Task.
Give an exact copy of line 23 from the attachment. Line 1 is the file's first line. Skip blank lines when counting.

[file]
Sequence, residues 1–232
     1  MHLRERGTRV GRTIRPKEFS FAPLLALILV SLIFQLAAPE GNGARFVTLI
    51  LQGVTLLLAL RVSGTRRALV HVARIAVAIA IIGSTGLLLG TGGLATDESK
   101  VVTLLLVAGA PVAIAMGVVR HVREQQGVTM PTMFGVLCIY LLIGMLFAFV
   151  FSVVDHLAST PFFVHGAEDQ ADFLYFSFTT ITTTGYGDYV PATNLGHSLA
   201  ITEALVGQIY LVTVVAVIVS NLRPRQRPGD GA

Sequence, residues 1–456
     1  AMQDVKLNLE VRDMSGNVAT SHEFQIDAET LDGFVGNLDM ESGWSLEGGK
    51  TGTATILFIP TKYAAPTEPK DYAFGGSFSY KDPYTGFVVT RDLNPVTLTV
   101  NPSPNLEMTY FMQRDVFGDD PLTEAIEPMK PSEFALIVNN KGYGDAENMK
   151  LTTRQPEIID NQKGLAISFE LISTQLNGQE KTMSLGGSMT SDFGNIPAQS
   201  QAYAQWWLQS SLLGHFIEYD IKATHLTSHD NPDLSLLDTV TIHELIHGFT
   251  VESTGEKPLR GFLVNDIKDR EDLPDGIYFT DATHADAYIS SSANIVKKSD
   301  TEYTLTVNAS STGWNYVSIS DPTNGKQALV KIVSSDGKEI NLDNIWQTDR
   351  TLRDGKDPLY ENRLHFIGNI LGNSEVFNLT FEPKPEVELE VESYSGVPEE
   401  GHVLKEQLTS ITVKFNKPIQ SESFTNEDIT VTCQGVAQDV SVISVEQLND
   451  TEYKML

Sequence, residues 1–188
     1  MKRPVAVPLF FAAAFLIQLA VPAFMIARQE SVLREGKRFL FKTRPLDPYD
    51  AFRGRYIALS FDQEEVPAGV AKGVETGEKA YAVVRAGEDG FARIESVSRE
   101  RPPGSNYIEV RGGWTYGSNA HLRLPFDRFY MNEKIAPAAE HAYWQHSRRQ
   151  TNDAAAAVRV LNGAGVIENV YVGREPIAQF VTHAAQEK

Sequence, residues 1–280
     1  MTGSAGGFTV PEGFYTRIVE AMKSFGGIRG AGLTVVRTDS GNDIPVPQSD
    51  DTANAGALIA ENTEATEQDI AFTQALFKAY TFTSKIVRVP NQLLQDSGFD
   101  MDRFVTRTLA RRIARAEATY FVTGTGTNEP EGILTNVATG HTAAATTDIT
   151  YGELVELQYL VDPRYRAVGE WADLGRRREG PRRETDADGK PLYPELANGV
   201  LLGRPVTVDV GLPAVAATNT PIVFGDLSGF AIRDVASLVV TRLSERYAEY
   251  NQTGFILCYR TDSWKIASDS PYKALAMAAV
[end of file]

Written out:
Sequence, residues 1–280